Saturday was a beautiful Door County day, the gardens at Peninsula Players Theatre were growing lush in the early summer sun, and the highways were comfortably filled with travelers on their way to a destination and friends coming here to pay tribute to Norbert Blei, who died April 23 at age 77.

As the Rev. Michael Brecke put it, Blei was a newspaperman, teacher, artist, poet, and critic, “calling us to task when we stopped loving the land and the water in this place,” and a writer.

“He wrote about the characters in this place and then became one,” said Brecke, who also noted Blei’s gravestone reads, “Find me in my books.”

And for an hour or so, they did: Each of the speakers who shared personal experiences about how he had moved their lives also read a bit from his books.

When Tim Stone first came to Door County, he was told by the locals that “if we ever had a prayer of being one of them, we had to read his books.”

And in Blei’s books they found wisdom — Robert Zoschke read “It’s good to pause now and then and see where the hell you were at” and advice not just for writers but all of us — “the important thing is to get the work done.”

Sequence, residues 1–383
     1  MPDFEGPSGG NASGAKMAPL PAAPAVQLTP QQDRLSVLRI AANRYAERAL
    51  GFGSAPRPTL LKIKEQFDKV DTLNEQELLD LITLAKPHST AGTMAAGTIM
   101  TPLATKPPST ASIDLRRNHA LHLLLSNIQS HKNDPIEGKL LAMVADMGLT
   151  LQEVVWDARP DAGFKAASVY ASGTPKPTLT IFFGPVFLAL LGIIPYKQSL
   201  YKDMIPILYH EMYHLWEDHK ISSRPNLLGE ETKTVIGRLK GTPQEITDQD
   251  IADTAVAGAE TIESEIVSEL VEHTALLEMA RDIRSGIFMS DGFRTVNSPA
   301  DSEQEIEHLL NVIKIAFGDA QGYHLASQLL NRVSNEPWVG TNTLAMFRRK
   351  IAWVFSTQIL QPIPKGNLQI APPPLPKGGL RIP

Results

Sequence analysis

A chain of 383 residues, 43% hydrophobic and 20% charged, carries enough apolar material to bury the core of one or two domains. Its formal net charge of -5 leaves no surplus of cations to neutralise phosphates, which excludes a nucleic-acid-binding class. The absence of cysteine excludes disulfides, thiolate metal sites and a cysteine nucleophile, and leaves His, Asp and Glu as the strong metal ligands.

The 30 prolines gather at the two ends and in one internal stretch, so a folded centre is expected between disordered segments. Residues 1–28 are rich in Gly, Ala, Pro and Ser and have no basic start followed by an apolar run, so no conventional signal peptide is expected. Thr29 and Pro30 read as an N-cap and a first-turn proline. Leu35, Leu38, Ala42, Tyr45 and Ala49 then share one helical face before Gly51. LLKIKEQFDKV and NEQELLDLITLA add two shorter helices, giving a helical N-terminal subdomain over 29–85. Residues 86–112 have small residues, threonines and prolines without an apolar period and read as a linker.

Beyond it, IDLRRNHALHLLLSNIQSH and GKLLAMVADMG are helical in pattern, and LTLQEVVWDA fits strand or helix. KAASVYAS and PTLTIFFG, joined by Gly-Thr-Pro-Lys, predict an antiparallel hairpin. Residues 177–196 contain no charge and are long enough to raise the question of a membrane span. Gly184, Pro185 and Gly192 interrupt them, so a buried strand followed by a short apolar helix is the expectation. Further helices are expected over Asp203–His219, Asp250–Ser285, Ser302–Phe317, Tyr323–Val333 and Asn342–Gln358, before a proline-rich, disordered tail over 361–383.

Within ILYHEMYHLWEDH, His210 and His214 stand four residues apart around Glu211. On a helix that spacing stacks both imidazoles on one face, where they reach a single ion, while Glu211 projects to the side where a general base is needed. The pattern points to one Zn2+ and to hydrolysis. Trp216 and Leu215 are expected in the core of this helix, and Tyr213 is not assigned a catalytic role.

They spoke of the man who would write in his converted chicken coop and teach about the writer’s passion at the Clearing and sit at the counter at Al Johnson’s with a cup of coffee, listening and talking.

“I know that there is a coffee table in heaven and I know that they may have a seat for Norb, but I’m sure he’ll elbow his way in and take over in a short time,” said Annika Johnson, who brought along one of the family’s goats named Beelzebub.

“I love his words, I love his voice, I love his mustache,” Julian Hagen said simply before launching into his song “Northern Light,” and Jeanne Kuhns sang “A Song for Norb,” and Pete Thelen and Jay Whitney led a rousing rendition of Robert Johnson’s “Sweet Home Chicago” adopted to Door County.